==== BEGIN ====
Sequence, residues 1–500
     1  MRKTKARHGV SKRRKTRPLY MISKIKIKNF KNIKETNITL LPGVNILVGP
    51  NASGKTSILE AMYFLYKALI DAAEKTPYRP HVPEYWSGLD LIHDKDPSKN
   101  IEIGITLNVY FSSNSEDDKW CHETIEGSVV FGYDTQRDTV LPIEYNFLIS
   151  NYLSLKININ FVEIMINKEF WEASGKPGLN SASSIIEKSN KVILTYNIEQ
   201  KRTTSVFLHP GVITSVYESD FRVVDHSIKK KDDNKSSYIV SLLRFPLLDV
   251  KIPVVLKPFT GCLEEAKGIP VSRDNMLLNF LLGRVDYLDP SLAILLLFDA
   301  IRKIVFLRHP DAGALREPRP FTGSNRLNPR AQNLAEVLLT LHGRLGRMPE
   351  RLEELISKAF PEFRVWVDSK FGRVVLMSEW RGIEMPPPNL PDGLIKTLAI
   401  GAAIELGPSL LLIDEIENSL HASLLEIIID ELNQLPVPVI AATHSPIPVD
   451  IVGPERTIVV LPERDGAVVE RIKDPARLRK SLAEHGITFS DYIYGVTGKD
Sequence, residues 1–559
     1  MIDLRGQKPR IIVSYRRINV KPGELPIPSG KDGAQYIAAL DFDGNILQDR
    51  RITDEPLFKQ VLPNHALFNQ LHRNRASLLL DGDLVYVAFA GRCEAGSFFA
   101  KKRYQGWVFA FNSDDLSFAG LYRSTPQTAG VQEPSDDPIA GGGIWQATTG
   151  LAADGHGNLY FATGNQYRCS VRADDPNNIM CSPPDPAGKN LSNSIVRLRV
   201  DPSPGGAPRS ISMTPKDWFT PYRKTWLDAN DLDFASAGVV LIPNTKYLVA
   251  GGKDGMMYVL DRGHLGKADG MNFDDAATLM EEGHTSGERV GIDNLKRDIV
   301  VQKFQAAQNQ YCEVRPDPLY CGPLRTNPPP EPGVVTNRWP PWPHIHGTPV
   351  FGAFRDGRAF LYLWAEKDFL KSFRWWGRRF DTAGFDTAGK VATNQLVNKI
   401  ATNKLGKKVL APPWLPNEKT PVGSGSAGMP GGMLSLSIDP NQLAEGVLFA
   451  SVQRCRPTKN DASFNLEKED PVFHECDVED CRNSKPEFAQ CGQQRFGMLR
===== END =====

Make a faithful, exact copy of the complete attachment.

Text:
Sequence, residues 1–500
     1  MRKTKARHGV SKRRKTRPLY MISKIKIKNF KNIKETNITL LPGVNILVGP
    51  NASGKTSILE AMYFLYKALI DAAEKTPYRP HVPEYWSGLD LIHDKDPSKN
   101  IEIGITLNVY FSSNSEDDKW CHETIEGSVV FGYDTQRDTV LPIEYNFLIS
   151  NYLSLKININ FVEIMINKEF WEASGKPGLN SASSIIEKSN KVILTYNIEQ
   201  KRTTSVFLHP GVITSVYESD FRVVDHSIKK KDDNKSSYIV SLLRFPLLDV
   251  KIPVVLKPFT GCLEEAKGIP VSRDNMLLNF LLGRVDYLDP SLAILLLFDA
   301  IRKIVFLRHP DAGALREPRP FTGSNRLNPR AQNLAEVLLT LHGRLGRMPE
   351  RLEELISKAF PEFRVWVDSK FGRVVLMSEW RGIEMPPPNL PDGLIKTLAI
   401  GAAIELGPSL LLIDEIENSL HASLLEIIID ELNQLPVPVI AATHSPIPVD
   451  IVGPERTIVV LPERDGAVVE RIKDPARLRK SLAEHGITFS DYIYGVTGKD
Sequence, residues 1–559
     1  MIDLRGQKPR IIVSYRRINV KPGELPIPSG KDGAQYIAAL DFDGNILQDR
    51  RITDEPLFKQ VLPNHALFNQ LHRNRASLLL DGDLVYVAFA GRCEAGSFFA
   101  KKRYQGWVFA FNSDDLSFAG LYRSTPQTAG VQEPSDDPIA GGGIWQATTG
   151  LAADGHGNLY FATGNQYRCS VRADDPNNIM CSPPDPAGKN LSNSIVRLRV
   201  DPSPGGAPRS ISMTPKDWFT PYRKTWLDAN DLDFASAGVV LIPNTKYLVA
   251  GGKDGMMYVL DRGHLGKADG MNFDDAATLM EEGHTSGERV GIDNLKRDIV
   301  VQKFQAAQNQ YCEVRPDPLY CGPLRTNPPP EPGVVTNRWP PWPHIHGTPV
   351  FGAFRDGRAF LYLWAEKDFL KSFRWWGRRF DTAGFDTAGK VATNQLVNKI
   401  ATNKLGKKVL APPWLPNEKT PVGSGSAGMP GGMLSLSIDP NQLAEGVLFA
   451  SVQRCRPTKN DASFNLEKED PVFHECDVED CRNSKPEFAQ CGQQRFGMLR